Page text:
Bradford has found his calling when it comes to rallying around his community and encouraging other fire victim families to continue working their way through broken county systems. As a member of the Board of Directors and treasurer of the Fire Safe Council of Santa Cruz County for 2023 and 2024, Bradford has his finger on the pulse of keeping the district safe from future disasters.

The list of folks who are throwing their name behind his candidacy includes a who’s-who of San Lorenzo Valley residents and leaders, all of whom were somehow touched by the CZU Fires. 

“The Fifth District sorely needs and deserves a fully engaged representative who understands genuine constituent engagement and representation is their primary function,” said Tess Fitzgerald, a Boulder Creek resident and Bradford supporter. “We need a Supervisor who isn’t a professional politician—or aspiring to be one—we need an advocate and a voice that speaks for us. These past five years have been incredibly challenging in the Fifth District, and I am confident having seen Christopher step up and reach out to the community time and time again—long before a run for Fifth District Supervisor was on people’s minds—that he will succeed in providing authentic, effective and thoughtful leadership on behalf of Fifth District residents and the residents of the county as a whole.”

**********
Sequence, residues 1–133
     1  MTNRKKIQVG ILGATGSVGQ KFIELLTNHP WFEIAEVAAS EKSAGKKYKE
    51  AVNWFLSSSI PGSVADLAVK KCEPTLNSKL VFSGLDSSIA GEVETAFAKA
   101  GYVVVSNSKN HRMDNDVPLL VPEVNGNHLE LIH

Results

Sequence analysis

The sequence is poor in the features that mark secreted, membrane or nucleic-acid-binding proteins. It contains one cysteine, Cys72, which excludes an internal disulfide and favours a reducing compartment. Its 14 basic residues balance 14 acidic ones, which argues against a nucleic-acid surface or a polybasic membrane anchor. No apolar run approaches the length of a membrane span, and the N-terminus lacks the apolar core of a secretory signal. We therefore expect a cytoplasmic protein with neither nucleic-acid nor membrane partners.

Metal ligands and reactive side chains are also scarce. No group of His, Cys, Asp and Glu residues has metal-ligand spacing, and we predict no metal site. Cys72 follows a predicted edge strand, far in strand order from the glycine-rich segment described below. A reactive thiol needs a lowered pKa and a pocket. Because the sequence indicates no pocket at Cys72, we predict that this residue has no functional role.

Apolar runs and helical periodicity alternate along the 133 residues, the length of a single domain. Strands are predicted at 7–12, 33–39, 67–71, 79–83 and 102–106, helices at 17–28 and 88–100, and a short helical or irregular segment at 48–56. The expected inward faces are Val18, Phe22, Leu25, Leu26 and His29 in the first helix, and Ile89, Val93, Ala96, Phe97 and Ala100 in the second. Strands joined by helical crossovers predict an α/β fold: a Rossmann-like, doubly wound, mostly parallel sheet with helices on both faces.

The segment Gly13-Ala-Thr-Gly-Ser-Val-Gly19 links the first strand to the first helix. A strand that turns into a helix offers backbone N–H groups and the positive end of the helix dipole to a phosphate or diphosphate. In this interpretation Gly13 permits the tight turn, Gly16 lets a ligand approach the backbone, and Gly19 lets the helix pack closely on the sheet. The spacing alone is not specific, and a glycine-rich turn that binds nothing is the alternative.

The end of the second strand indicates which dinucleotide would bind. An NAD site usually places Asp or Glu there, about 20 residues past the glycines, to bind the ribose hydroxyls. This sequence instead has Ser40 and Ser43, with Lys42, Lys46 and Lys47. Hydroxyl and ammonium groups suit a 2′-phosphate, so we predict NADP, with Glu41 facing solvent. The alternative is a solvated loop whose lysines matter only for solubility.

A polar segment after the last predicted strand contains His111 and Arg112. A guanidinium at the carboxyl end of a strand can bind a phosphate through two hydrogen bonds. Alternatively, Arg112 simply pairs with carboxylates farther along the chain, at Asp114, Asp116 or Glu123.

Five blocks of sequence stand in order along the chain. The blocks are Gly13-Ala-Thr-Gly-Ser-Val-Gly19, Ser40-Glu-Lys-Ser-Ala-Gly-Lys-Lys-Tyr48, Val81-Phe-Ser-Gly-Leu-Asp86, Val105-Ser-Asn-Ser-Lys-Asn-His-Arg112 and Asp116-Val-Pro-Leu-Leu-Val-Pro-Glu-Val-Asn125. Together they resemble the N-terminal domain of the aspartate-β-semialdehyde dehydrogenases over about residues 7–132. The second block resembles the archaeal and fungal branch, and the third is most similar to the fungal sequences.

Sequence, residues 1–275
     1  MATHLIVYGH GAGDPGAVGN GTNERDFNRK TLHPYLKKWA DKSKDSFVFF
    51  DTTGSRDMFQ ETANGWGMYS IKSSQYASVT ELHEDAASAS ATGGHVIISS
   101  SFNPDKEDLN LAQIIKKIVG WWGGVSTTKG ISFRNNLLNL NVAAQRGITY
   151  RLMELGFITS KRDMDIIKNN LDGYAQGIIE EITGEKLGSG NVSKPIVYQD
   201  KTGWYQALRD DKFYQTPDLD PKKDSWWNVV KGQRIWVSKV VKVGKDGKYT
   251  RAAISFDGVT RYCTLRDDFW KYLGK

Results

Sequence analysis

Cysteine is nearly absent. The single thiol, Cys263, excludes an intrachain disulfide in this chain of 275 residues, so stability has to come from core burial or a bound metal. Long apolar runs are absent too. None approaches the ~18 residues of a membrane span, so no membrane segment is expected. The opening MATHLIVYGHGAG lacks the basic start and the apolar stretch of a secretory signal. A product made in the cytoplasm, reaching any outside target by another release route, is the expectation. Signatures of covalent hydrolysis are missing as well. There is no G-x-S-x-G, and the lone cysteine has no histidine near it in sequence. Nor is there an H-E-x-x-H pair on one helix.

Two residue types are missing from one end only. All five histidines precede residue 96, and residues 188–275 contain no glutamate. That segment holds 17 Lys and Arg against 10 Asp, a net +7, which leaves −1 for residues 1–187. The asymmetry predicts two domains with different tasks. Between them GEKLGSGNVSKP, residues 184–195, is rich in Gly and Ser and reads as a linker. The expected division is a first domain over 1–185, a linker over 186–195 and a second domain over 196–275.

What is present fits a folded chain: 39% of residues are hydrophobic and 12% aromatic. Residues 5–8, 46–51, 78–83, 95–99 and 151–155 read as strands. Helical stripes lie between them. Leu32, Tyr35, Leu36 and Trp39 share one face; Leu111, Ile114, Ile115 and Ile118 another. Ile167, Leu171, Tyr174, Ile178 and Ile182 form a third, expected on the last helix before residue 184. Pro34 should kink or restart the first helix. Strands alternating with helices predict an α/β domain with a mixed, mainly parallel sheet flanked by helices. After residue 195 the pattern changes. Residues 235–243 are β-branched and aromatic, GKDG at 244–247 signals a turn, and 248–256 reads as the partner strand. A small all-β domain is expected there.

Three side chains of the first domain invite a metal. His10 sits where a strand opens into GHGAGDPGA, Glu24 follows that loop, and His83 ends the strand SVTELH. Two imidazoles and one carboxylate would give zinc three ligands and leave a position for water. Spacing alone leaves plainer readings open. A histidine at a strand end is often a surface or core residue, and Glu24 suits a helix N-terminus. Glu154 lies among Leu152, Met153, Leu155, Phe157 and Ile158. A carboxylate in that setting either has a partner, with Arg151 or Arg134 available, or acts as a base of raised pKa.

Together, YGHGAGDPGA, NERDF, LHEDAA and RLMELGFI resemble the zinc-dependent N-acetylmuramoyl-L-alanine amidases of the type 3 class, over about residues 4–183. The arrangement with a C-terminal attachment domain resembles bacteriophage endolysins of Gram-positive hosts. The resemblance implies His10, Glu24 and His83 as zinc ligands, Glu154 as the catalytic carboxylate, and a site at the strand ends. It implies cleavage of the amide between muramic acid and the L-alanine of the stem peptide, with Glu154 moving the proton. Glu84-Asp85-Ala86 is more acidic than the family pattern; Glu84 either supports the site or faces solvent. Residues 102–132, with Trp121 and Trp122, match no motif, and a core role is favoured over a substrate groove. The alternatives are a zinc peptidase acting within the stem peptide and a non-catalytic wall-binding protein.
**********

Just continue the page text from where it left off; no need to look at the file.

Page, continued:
Bradford feels his knowledge as a fire victim insider will be an asset to his run, and he looks forward to using the supervisor’s chair as a jumping off point to advocate for others. 

“There is so much we can accomplish if we just work together,” he said. “I look forward to bringing our community leaders together to benefit those who have lost everything.”